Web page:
A genuinely solid combat system can't make up for truly awful dialogue and characters.
I had been looking forward to Legaia - I had been going back through PS1 games I missed back in the day to see what games managed to stand the test of time, and it had been recommended to me by several people as an overlooked gem.
First, the good stuff.
The combat system *is* quite good - it manages that excellent JRPG balancing act of keeping you engaged minute to minute during combat without being fiddly or tiresome, the "guard to charge" mechanic is inspired, and I actually love how magic works - some enemies are "magical" and on defeating them you have a chance to learn their magic. There's a tiny, mutated bit of Street Fighter and a tiny, mutated bit of Pokemon here, and somehow it all gels into a cohesive whole.
The game is also relatively tough (but never unfair), which I appreciated - with one notable exception (a rather stupidly-designed section of the game), grinding isn't required to keep moving forward, if you master the game's systems and play smart.
The initial overall plot outline is relatively interesting, especially at first, at least for a game that commits hard and early to the trope of "dude who comes of age, and leaves his village and his sweet and extremely dull childhood girlfriend behind to Go Do Interesting Things".
Where things break down are the dialogue and character writing. Not a single character through the entire game ever says anything that even remotely resembles something that a human would say in that circumstance. And not in a charming, "kid's TV show" kind of way - I mean in a really terrible, "these characters are so shallow they make me want to peel my own face off and stop playing" kind of way.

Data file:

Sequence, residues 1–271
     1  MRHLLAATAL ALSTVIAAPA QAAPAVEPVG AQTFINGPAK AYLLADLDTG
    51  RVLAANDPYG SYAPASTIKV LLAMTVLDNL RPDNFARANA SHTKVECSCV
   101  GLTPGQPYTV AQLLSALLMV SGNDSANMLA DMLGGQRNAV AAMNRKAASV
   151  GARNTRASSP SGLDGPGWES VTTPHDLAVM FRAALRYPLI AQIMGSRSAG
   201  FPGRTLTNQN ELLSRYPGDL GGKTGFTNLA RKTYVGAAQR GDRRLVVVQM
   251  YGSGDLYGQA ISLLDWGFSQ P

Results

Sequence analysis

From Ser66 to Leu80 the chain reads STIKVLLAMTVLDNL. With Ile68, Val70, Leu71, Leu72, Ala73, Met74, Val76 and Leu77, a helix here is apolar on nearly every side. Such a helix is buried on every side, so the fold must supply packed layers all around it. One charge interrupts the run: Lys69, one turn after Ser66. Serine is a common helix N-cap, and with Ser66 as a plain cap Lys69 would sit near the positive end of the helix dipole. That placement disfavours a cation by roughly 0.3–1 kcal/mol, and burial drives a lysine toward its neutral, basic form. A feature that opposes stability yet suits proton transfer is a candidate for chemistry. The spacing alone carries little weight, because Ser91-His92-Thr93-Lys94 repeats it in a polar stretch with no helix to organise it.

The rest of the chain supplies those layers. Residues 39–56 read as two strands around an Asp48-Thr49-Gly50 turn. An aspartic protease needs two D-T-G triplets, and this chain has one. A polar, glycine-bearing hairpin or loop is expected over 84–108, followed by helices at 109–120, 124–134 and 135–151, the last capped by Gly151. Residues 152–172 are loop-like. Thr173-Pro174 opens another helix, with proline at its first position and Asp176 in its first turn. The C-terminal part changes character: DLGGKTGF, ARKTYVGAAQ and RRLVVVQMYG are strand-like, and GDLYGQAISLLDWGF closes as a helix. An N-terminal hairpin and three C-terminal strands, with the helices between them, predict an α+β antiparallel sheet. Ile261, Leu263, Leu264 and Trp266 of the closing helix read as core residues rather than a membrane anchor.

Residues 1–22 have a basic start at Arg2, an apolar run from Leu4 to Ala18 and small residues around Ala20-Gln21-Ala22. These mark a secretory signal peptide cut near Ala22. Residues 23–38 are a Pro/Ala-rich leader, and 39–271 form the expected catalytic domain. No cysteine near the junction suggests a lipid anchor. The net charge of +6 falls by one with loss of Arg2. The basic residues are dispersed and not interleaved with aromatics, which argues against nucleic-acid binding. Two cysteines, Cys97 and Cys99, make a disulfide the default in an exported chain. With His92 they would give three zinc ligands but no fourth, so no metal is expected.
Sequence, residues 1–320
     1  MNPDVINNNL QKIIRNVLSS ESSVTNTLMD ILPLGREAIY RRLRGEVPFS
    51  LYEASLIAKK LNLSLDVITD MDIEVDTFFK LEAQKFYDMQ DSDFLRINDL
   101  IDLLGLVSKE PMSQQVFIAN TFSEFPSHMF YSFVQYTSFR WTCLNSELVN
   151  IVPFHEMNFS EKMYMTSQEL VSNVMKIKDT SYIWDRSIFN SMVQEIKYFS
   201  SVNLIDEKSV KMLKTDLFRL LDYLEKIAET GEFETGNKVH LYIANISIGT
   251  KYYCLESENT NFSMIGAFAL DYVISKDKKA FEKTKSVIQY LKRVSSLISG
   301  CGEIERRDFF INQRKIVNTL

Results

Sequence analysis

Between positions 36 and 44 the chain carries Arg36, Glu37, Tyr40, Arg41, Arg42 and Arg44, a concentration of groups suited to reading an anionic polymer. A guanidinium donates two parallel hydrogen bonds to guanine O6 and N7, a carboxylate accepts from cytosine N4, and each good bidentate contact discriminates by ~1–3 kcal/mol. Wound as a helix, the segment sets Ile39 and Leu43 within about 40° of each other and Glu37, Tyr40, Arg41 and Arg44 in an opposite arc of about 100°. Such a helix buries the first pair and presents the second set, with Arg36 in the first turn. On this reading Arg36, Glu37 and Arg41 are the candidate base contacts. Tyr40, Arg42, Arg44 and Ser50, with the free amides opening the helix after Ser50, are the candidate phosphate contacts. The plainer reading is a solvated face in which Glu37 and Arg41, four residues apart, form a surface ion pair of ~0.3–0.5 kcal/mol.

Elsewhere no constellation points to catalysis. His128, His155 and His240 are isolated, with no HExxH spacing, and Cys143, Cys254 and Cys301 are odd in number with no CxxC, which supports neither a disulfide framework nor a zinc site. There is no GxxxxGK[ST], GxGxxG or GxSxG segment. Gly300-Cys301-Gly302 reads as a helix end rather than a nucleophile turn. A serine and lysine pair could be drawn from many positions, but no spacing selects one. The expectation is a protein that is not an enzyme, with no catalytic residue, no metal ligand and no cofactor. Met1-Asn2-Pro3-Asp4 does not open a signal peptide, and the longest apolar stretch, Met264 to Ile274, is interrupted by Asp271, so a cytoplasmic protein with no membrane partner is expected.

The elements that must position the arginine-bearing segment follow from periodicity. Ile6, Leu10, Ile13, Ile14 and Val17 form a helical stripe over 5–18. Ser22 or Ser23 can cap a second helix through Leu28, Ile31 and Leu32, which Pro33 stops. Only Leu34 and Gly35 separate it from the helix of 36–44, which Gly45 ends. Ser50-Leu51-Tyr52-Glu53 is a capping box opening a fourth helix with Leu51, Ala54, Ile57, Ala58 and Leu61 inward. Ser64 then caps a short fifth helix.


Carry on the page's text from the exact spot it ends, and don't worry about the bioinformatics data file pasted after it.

Even for a 90s/2000s-era JRPG, the dialogue and characters are exceptionally bad - and if you know this era of JRPG you know how easy it is to clear that bar. I'm not just saying it's dull, or cheesy, or simplistic, like many JRPGs of this era - I'm saying it goes way, way beyond that.
The only reason I progressed in this game was because of the combat system and inertia - the characters and writing were so bad even that wasn't enough to keep me interested, and I ended up forcing myself to finish it, after realizing 10 hours in that there would be no interesting dialogue or character development to speak of.
This one has not aged well, and is not a classic - even the many, many mediocre JRPGs from this era do a better job of character writing and dialogue, and the solid combat system isn't enough to redeem it - if you loved it as a child that's great, and there's nothing wrong with that, but there's just not enough here to justify the time wasted for anyone without nostalgia for this specific game.
If you're looking to revisit a "classic JRPG" on the PS1, this isn't it.